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Who go?

So, I happened to look at The 2009 Hugo Nominations again today, and was again reminded that I am perplexed by the Hugos.

Mostly, what perplexes me is that the Hugos are simultaneously a Big Deal and not a Big Deal. The nominations are decided by three or four hundred fans, and the actual awards are decided by seven or eight hundred fans. It’s not like the Booker Prize or something where there is a panel of judges, highly qualified eminences worthy of the most scathing criticism when they reward utter crap instead of the obviously worthy stuff I like. And as a popular expression of what is actually being read in the streets, by people who should probably go home or at least to a coffeehouse somewhere, it’s such a laughably small group that it can be easily dominated by partisans of one or another writer, or certainly by partisans of one or another style. I mean.

Now, before I go on with that whole irrelevance thing, I should discuss the idea that the voting pool for the Hugos is a good working combination of the two. Because the WorldCon draws a good chunk of writers and publishers, the group of people with voting rights is disproportionately made up of people with a good deal of experience in The Industry (as with the Motion Picture Academy for the Oscars). Instead of being an insular group of insiders, though, that Inner Ring is leavened with the fen who get a vote as part of the package of going to the con, or who have spent a little dough to support the con. The combination (this argument would go) works better than either one or the other.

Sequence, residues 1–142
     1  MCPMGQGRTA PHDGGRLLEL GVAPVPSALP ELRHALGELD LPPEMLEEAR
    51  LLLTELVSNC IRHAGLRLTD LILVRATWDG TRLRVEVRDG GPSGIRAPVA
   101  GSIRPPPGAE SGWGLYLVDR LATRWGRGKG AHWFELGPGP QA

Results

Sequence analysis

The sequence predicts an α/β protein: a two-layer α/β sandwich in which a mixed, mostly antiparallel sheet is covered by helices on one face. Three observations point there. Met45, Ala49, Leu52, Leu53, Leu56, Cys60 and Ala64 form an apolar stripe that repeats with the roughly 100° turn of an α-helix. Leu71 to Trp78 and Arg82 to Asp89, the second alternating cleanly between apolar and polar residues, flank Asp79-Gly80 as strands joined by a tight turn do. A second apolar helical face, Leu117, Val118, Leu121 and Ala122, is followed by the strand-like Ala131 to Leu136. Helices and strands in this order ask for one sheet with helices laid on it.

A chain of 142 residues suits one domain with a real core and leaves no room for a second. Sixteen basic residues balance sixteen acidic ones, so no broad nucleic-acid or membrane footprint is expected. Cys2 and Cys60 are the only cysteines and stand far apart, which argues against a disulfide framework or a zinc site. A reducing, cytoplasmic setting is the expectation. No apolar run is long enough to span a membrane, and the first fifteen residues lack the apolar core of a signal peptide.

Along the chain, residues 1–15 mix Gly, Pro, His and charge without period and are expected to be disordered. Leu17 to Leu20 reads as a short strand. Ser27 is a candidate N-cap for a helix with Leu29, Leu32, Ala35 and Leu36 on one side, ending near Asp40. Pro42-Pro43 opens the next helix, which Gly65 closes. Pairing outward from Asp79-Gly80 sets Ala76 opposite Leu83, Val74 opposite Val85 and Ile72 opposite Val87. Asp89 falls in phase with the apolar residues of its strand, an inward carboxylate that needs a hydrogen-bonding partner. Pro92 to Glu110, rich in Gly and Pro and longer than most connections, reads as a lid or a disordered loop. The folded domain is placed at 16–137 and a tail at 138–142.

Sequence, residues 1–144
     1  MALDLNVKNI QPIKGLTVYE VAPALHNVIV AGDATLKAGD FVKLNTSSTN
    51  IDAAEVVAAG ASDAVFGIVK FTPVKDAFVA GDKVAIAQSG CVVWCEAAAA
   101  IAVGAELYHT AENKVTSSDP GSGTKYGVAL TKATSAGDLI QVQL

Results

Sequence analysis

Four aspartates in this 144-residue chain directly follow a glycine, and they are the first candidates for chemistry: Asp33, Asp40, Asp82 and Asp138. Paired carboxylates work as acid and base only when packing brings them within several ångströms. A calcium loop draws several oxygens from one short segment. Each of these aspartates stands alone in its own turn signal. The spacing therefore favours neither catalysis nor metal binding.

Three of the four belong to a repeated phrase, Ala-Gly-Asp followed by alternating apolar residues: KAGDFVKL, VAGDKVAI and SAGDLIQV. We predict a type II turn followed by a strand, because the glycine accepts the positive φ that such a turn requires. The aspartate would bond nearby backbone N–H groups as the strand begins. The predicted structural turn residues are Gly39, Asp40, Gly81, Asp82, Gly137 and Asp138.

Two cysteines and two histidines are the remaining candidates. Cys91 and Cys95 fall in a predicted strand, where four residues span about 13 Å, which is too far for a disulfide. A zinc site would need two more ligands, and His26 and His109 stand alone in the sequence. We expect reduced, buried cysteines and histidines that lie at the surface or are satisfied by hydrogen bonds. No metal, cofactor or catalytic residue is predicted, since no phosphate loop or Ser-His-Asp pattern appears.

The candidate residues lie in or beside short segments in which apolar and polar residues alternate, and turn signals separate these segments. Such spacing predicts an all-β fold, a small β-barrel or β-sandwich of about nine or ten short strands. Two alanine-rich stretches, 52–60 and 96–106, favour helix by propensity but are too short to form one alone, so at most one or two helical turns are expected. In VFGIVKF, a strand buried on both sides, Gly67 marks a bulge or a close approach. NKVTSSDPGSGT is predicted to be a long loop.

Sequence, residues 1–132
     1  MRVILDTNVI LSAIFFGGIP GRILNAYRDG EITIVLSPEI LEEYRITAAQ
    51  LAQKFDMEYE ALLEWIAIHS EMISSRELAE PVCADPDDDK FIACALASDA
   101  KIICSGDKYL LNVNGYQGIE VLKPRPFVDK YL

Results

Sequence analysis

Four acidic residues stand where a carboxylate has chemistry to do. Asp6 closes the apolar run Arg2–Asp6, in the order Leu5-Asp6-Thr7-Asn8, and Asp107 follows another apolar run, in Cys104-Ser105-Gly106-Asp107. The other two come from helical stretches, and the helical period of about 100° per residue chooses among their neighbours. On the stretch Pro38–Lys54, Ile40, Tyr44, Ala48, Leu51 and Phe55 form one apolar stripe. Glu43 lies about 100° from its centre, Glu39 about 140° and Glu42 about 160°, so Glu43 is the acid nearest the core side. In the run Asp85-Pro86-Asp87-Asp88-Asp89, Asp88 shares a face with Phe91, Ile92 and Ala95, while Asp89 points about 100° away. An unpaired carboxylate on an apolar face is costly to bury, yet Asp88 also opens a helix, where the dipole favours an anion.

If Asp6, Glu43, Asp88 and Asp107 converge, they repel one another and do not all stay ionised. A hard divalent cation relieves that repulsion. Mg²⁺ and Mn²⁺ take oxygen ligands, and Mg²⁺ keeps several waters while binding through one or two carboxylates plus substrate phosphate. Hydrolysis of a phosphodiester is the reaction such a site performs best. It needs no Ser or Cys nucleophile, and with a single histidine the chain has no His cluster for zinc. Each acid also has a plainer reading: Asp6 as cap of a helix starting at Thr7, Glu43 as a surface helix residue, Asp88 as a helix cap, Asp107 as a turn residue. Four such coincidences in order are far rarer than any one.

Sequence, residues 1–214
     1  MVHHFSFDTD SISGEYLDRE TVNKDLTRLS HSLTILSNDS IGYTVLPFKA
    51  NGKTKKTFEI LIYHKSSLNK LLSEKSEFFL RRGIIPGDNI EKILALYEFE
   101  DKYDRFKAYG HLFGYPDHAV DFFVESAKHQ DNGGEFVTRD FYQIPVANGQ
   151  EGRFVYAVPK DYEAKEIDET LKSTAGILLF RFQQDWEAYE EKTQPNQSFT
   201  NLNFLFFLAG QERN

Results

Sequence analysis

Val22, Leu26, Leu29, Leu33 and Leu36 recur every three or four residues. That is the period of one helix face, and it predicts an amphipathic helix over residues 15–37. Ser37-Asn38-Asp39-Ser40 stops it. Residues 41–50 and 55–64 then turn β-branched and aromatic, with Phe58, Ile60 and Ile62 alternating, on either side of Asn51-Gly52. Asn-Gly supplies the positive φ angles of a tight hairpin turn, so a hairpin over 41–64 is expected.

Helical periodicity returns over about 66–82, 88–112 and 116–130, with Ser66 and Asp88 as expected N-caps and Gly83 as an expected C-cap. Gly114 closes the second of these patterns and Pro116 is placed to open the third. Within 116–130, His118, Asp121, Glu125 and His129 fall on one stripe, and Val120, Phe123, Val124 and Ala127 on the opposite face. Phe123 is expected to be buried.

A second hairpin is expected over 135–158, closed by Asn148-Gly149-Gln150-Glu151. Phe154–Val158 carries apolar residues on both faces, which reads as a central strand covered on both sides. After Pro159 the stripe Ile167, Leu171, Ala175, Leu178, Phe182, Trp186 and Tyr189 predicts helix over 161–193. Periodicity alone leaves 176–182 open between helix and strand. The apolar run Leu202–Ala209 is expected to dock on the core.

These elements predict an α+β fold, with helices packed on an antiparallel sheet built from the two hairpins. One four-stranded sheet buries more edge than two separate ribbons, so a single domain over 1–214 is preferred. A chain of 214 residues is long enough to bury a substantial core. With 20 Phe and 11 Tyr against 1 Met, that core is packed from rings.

Or, there’s the argument that specfic writers and fen are special cases, much more likely to read each other’s stuff than in other genres, and that Kazuo Ishiguro would be a lousy judge of Martin Amis novels, but Connie Willis would be a terrific judge of Ian McDonald books. And that the fen are more likely to read all around within the genre, and are therefore better judges than readers of literary novels or historical novels. And as proof of that, we can look at the list of Hugo-winners and compare it to the National Book Awards or the best-seller lists, and frankly, the Hugos do look pretty good, considering.